Who used to live near the Don?

Major rivers in Russia and neighbouring countries include the Dniester, Dnieper, Don (and its tributary the Donets). They flow into the Black Sea—the Don doing so via the Sea of Azov.

These names are believed to derive from the Iranic words danu (‘river’). For example, the Dnieper comes from a form reconstructed as *danu para (‘river to the rear’) and Dniester from the form reconstructed as *danu nazdya (‘river to the front’). The same Indo-European root is believed to underlie the Celtic Danuvius (‘Danube’). 

Modern river names in some other areas are believed to derive from:

  • originally Slavonic names between the upper Vistula basin and the middle Dnieper.
  • originally Baltic names in a larger area to the north as far as the Baltic coasts of modern Lithuania and Latvia, from the middle and lower Vistula in the west to the upper Dnieper and upper Volga in the east.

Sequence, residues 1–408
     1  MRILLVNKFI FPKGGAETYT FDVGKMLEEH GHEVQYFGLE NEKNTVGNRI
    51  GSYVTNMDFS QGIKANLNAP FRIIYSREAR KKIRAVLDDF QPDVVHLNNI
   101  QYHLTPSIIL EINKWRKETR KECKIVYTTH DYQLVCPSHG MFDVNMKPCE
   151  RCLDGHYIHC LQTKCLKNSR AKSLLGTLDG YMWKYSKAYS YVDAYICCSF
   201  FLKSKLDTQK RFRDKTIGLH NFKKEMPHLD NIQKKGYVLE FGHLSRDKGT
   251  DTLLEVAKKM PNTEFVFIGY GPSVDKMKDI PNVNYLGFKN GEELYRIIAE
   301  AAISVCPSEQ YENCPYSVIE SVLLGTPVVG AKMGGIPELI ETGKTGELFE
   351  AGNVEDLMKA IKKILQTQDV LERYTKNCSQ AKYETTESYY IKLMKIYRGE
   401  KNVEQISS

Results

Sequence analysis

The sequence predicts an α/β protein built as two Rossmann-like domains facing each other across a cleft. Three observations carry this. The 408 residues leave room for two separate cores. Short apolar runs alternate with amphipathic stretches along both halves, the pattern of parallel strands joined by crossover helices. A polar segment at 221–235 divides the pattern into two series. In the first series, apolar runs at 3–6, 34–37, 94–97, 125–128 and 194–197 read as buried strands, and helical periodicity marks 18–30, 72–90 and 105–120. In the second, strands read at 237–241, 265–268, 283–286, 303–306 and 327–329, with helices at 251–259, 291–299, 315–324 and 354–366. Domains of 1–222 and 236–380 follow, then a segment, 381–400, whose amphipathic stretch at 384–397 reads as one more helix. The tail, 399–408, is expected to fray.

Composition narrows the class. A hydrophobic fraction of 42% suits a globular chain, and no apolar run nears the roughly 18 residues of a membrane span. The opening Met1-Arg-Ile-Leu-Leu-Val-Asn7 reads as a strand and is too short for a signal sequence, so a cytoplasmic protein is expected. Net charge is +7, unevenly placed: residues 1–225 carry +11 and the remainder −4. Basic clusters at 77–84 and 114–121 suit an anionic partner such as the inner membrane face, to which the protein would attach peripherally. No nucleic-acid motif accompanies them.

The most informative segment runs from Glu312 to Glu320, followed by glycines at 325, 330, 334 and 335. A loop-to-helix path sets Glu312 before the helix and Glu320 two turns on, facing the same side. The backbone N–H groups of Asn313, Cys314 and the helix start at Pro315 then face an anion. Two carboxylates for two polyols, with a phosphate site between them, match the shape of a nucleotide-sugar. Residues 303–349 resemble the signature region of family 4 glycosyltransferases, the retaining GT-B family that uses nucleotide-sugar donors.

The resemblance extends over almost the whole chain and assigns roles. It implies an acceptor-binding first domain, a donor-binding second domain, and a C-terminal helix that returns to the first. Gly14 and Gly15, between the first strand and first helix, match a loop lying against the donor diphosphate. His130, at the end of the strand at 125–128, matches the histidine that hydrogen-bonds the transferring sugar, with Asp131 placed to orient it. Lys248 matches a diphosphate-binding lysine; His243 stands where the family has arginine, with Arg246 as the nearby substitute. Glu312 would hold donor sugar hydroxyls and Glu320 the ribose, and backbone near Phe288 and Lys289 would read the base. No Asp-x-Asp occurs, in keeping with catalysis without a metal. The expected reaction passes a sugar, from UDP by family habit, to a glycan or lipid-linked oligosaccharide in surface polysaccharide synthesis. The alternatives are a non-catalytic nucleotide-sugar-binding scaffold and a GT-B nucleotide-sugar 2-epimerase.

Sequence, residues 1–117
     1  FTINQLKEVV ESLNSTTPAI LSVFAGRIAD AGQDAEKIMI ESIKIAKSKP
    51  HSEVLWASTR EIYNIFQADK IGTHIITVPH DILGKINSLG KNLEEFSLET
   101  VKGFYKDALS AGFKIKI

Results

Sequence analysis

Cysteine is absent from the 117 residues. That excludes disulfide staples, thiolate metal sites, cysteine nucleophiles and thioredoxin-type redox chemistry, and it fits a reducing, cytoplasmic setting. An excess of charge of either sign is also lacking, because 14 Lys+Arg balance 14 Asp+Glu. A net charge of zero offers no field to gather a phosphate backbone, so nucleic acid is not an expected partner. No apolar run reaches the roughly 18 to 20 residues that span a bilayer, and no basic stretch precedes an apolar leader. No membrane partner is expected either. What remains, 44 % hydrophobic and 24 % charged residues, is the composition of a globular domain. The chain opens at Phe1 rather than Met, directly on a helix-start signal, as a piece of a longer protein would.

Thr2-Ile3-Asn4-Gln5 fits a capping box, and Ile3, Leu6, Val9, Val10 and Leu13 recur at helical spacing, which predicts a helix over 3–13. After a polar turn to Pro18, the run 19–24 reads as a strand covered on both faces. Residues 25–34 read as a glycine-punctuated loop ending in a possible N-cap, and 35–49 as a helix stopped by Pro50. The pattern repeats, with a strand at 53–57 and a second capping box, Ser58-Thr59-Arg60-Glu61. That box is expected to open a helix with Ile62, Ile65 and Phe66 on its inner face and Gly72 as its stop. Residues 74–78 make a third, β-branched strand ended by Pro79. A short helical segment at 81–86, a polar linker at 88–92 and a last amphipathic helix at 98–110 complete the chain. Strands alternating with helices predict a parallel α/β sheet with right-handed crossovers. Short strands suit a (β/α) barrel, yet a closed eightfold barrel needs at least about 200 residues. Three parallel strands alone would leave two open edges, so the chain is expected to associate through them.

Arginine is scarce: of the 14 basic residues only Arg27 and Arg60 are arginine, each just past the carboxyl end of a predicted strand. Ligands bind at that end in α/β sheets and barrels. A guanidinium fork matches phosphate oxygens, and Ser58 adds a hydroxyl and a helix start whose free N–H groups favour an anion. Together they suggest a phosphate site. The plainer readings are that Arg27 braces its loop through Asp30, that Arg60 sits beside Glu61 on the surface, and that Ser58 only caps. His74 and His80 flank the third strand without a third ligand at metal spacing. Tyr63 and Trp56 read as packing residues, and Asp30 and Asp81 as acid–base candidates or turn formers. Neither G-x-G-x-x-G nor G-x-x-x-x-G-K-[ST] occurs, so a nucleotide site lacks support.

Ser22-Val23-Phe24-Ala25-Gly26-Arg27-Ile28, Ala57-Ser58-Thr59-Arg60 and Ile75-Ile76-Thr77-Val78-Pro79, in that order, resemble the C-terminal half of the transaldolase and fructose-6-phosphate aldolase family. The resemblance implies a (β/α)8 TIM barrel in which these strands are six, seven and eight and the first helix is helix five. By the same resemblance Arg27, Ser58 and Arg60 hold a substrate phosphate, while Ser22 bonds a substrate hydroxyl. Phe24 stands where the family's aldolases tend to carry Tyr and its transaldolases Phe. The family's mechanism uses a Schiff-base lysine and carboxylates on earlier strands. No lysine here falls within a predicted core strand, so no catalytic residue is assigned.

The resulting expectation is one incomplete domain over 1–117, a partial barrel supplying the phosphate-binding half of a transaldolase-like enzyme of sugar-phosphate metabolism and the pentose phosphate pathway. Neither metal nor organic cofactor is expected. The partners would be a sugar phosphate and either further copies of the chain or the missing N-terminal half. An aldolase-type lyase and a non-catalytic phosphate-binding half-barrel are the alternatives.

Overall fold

• originally Finno-Ugric names northeast of the areas of originally Baltic river names.

The origins of river names hint at the languages spoken by people living near those rivers those names were established. The Iranic, Celtic, Slavonic and Baltic language groups are all part of the Indo-European family of languages. Finno-Ugric is a separate language family.


In Search of The Indo-Europeans: Language, Archaeology and Myth, JP Mallory (1989)

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